The Birth House
Antonio Canova’s birth house is a typical 17th-century home. It includes a central body divided into multiple floors, where all his activities took place during the day and at night; and all the annexes, such as the cellar, the storage closet, the long colonnades, where the working tools were kept, the shed for draft animals, the carriage storage area, and the wells.
After the earthquake of 1695 that caused the collapse and destruction of many buildings in Possagno, the house was renovated and expanded by adding more rooms. Today, visitors can admire the house that Canova renovated between the end of the 18th century, when the turret on the last floor of the building was erected, becoming the artist’s studio, and the beginning of the 19th century, when he decided to create the Mirror room for his guests.
View of the Birth House, external South facade | ph credits Otium/Favotto
The few pieces of furniture that did not succumb to the ravages of time are original workpieces of the beginning of the 19th century, some of which came from Canova’s Roman workshop. Today, the artist’s home serves as a varied and valuable art gallery that holds portraits of Antonio Canova, 15 oil paintings on canvas, temperas on paper, a few engravings, drawings, some marble sculptures, working tools, memorabilia, and his personal effects.
Three rooms in particular offer an interesting insight into his life: the room where Canova was born on the first floor, the basement of the house where the sculpting studio was located, and the Turret which was used as a Library, and is where Canova painted the impressive altarpiece depicting the Deposition of Christ, now stored in the Temple of Possagno.
Antonio Canova’s original dresses exhibited on the first floor of the Birth House.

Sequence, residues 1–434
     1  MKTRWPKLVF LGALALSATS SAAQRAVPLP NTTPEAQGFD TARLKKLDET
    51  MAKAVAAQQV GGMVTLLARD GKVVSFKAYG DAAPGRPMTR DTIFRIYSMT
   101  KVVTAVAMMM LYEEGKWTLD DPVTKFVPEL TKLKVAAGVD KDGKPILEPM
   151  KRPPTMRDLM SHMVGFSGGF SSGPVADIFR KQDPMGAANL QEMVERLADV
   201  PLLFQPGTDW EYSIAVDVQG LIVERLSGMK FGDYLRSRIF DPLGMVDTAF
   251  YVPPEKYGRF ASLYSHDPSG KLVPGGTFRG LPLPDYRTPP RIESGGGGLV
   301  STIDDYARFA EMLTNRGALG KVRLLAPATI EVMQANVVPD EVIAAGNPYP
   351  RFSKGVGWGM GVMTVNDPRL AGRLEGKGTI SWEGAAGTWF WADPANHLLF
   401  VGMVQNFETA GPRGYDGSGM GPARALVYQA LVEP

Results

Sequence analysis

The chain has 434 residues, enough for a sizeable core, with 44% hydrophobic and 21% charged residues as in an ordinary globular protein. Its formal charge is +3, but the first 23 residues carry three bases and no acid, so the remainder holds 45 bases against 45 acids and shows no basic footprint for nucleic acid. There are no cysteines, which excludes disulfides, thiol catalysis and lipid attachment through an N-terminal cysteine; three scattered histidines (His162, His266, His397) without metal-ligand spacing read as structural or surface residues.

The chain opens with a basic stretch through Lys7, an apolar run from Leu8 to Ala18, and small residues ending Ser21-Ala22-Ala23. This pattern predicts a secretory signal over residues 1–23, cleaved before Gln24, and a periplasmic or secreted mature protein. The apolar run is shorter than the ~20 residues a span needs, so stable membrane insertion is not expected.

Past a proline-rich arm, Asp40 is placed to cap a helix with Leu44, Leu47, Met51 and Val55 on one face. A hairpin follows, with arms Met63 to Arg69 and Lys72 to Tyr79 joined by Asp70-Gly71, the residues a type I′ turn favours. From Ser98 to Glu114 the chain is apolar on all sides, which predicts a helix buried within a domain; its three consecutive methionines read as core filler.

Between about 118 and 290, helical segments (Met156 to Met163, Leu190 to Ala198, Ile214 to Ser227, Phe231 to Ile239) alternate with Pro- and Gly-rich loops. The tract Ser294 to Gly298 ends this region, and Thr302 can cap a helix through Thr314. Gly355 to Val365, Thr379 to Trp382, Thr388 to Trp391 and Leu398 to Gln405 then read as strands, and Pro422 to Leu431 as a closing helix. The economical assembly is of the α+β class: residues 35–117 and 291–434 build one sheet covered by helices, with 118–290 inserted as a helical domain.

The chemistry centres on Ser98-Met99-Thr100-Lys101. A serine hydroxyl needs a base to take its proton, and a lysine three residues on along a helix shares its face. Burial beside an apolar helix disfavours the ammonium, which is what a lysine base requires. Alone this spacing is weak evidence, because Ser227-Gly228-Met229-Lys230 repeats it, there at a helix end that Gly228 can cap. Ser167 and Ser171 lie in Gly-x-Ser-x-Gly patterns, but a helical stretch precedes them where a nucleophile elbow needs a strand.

Haunted by his lack of a proper education, Canova started to devote much of his time to reading and listening antique and modern literary classics on poetry, history, and critics, both in Italian and French. The sculptor, in fact, was not only used to read the chosen texts on his own, but he also loved to have someone read them out loud while he was working in his studio, so that he could always make the most of his time. The manifest result of this passion was the construction of a Turret, where the artist could dedicate himself to studying, that took place at the beginning of the 19th century. The building was designed for the purpose of collecting the numerous books he owned. The Turret represents a peculiar feature of the House and the Library it accommodates was once defined “extremely vast and renowned and open for the sake of the public”. In later life, the sculptor used the Turret as a place for meditation and reading. Today, this space houses the archive of Canovian busts.
The artist’s studio inside the Turret on the top floor of the Birth House
The Birth House hosts many temperas on paper by Canova. Their peculiarity lies in the black background that takes inspiration from the Pompeian style.
The temperas were executed by Canova during his stay in Possagno from 1798 to 1804, and in the following years were engraved and printed several times. They depict Dancers, Nymphs with Cupids, and Muses with Greek philosophers and writers. This particular facet of Canova is quite unexpected, gentle, colorful, and hints to a subtle humour. The figures are “fluid as are thoughts and beautiful as if they were made by the Graces’ hands” and they perfectly evoke a feminine classicism.
A considerable group of temperas takes inspiration from the theme of dance, that Canova loved deeply and is connected to his profound poetic: like his art tends to the ideal beauty, dance offers a view of the human body in constant elevation, breaking free through dynamism and rhythm. The variety of poses is extraordinary and the repertoire of gestures the artist came up with can undoubtedly compete with the theater performances of his period.
Antonio Canova, Venus with Faun, 1792, oil on canvas